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The Red Star Line Museum, Belgium's transatlantic landmark, charts the history of emigration to America

Neil Diamond: Has he finally become hip?

He wrote some of the Sixties' most memorable tunes, but was rarely in vogue. Now 67, Neil Diamond is at No 1 for the first time. Has he finally become hip? Nick Hasted reports

Album: Neil Diamond, Home Before Dark (Columbia)

You know time has caught up with you when you are mentally preparing your review of Scroobius Pip when your editor tells you that, instead, you have been earmarked for the new Neil Diamond.

Last Night's TV: A gory story that failed to make a killing

Cold Blood, ITV1; First Cut: Allergic to the 21st Century? Channel 4

Talking Jazz

This has been a strange year for British jazz. In many ways, a good year - one in which forgotten glories from decades past were resurrected and brought to new audiences; some fine indigenous groups continued to build on their work so far; and at least one stunning new player emerged.

Pop: A night without sparkle

NEIL DIAMOND WEMBLEY ARENA LONDON

Media: Thanks a million, John

The critics hate it, but DJ John Peel has more than one million listeners for Home Truths. By Paul McCann

Pop: Like Eddie Izzard in a strop

BABY BIRD PEACOCK THEATRE

Arts: One wedding and, luckily, no one's funeral

Theatre de Complicite are Britain's leading `physical theatre' company. Who better to bring John Berger's novel `To the Wedding' to the airwaves? Roger Elsgood, producer of tomorrow night's Radio 3 version, kept a diary of their work in progress.

Review: Arab Strap The Garage, Islington, London

`Best band to be named after an instrument of sado-masochistic gratification'

fringe round-up: Poems to Read to Your Parents

It was when the woman in the multi-coloured waistcoat started dancing to Neil Diamond's "Mr Bojangles", strummed with severe melancholy by a grey-haired man in white shorts, that the flashbacks started. Pebble Mill at One, mid-Seventies. That childhood incomprehension, barely articulated at the time, at so much desultory and unfulfilled adult behaviour. John Dowie (tracksuit bottoms, Larry Grayson specs "as skinny as a man can be") had prepared the way for this tot-recall with a series of short poems that sounded funny on the outside, but were, more often than not, sombre reflections on mortality (lines on dead cats and ageing men). "If you can't depress them when they're six, then what's the point of being in Edinburgh?" he inquired, to much parental approval.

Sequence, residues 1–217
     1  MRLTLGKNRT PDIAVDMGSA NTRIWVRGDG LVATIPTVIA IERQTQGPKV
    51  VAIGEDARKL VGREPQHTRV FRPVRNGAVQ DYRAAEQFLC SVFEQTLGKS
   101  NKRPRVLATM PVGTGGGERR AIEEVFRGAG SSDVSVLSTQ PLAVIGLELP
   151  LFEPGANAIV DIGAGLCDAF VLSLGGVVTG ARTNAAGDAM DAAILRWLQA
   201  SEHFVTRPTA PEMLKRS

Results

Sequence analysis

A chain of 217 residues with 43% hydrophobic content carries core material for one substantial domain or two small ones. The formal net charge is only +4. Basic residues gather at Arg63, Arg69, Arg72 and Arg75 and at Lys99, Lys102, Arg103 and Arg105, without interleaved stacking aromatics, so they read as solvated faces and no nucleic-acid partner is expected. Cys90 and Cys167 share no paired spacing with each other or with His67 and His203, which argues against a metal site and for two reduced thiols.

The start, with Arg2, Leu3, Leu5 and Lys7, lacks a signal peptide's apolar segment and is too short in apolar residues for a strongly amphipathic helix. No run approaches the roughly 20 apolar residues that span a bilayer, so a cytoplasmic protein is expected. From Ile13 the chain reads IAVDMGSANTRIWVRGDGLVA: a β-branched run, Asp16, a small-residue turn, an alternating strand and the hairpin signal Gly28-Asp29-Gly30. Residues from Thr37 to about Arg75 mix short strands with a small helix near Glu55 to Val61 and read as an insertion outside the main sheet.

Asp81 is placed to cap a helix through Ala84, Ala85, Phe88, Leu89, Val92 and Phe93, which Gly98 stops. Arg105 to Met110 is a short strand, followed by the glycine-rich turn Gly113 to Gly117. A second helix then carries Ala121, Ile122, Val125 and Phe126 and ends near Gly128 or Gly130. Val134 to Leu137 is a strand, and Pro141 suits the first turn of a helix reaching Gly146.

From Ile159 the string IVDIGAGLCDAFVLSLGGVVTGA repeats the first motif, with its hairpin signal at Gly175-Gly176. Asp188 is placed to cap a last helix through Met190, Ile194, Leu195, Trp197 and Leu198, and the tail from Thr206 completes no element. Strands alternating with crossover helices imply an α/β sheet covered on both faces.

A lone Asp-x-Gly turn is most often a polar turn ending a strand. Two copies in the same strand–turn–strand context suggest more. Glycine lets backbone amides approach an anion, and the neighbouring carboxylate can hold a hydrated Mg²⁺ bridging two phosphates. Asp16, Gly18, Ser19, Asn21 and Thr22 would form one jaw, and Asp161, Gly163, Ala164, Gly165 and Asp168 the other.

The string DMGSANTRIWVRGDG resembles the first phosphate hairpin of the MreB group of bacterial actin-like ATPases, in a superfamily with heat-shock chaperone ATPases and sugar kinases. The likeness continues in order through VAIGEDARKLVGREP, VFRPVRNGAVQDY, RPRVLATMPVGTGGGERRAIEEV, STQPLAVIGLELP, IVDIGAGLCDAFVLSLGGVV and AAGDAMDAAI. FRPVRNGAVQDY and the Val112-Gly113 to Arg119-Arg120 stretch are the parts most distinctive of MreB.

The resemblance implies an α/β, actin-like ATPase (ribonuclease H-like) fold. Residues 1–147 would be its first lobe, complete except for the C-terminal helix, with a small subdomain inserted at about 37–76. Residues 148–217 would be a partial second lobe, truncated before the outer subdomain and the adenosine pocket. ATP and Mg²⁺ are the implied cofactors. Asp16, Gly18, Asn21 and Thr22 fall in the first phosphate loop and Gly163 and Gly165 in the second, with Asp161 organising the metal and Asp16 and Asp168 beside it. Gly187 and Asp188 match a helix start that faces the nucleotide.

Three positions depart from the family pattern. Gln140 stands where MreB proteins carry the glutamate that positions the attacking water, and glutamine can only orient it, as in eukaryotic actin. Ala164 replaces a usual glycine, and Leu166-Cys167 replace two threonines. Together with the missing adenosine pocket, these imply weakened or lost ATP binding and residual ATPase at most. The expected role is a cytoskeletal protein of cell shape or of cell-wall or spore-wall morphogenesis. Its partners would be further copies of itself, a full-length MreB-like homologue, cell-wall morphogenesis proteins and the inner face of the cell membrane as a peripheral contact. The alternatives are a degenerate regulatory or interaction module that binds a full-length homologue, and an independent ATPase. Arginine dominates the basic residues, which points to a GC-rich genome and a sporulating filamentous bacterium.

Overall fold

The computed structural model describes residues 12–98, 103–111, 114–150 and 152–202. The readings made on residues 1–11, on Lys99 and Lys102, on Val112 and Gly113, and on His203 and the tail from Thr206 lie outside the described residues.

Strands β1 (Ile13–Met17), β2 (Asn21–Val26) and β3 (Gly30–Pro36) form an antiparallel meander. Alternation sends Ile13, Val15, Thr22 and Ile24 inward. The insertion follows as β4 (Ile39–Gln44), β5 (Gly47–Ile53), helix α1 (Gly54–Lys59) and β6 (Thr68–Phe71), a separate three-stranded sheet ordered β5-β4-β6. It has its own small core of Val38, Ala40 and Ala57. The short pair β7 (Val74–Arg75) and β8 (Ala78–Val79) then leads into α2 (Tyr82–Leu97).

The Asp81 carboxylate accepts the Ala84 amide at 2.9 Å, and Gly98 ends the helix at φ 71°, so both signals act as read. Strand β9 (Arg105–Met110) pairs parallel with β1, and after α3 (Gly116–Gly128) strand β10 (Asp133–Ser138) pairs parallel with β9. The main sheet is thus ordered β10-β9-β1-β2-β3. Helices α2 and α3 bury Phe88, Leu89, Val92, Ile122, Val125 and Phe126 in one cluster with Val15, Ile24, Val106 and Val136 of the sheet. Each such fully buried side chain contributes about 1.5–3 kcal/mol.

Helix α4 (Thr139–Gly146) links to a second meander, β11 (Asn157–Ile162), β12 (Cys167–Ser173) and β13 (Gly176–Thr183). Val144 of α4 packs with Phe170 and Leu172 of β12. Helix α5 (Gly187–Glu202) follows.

'None of their punches was ever likely to connect'

When Richard and Judy hit OJ with hard facts, he just denied them, writes Tom Sutcliffe

Birthdays 24th January 1996

Birthdays

Arts: Do it, puke and get out: 'The Last Waltz' made music and cinema history. The final concert by The Band, starring their famous friends, it became a Martin Scorsese film, rated the best rock movie of all. But behind the scenes, there was mayhem. Levon Helm of The Band tells the inside story